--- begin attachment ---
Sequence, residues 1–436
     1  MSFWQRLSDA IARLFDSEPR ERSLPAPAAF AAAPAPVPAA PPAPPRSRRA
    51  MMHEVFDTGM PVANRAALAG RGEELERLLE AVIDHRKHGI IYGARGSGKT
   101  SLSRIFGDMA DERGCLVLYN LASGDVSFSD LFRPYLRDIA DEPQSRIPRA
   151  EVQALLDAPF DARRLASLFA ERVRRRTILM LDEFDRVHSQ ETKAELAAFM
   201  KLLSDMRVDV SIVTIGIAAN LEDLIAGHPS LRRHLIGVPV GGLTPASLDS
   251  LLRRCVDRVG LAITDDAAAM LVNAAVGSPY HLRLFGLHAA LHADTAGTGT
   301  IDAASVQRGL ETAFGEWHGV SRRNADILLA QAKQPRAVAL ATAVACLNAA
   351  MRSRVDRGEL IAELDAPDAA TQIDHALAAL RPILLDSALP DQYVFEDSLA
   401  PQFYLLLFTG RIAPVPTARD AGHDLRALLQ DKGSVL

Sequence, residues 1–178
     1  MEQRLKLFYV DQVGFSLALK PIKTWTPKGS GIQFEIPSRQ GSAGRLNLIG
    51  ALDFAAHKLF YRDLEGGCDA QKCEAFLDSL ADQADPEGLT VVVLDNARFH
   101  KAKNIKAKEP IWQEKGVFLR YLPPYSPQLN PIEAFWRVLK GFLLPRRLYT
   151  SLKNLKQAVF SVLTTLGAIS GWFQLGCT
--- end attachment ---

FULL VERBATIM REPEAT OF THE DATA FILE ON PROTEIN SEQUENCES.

Sequence, residues 1–436
     1  MSFWQRLSDA IARLFDSEPR ERSLPAPAAF AAAPAPVPAA PPAPPRSRRA
    51  MMHEVFDTGM PVANRAALAG RGEELERLLE AVIDHRKHGI IYGARGSGKT
   101  SLSRIFGDMA DERGCLVLYN LASGDVSFSD LFRPYLRDIA DEPQSRIPRA
   151  EVQALLDAPF DARRLASLFA ERVRRRTILM LDEFDRVHSQ ETKAELAAFM
   201  KLLSDMRVDV SIVTIGIAAN LEDLIAGHPS LRRHLIGVPV GGLTPASLDS
   251  LLRRCVDRVG LAITDDAAAM LVNAAVGSPY HLRLFGLHAA LHADTAGTGT
   301  IDAASVQRGL ETAFGEWHGV SRRNADILLA QAKQPRAVAL ATAVACLNAA
   351  MRSRVDRGEL IAELDAPDAA TQIDHALAAL RPILLDSALP DQYVFEDSLA
   401  PQFYLLLFTG RIAPVPTARD AGHDLRALLQ DKGSVL

Sequence, residues 1–178
     1  MEQRLKLFYV DQVGFSLALK PIKTWTPKGS GIQFEIPSRQ GSAGRLNLIG
    51  ALDFAAHKLF YRDLEGGCDA QKCEAFLDSL ADQADPEGLT VVVLDNARFH
   101  KAKNIKAKEP IWQEKGVFLR YLPPYSPQLN PIEAFWRVLK GFLLPRRLYT
   151  SLKNLKQAVF SVLTTLGAIS GWFQLGCT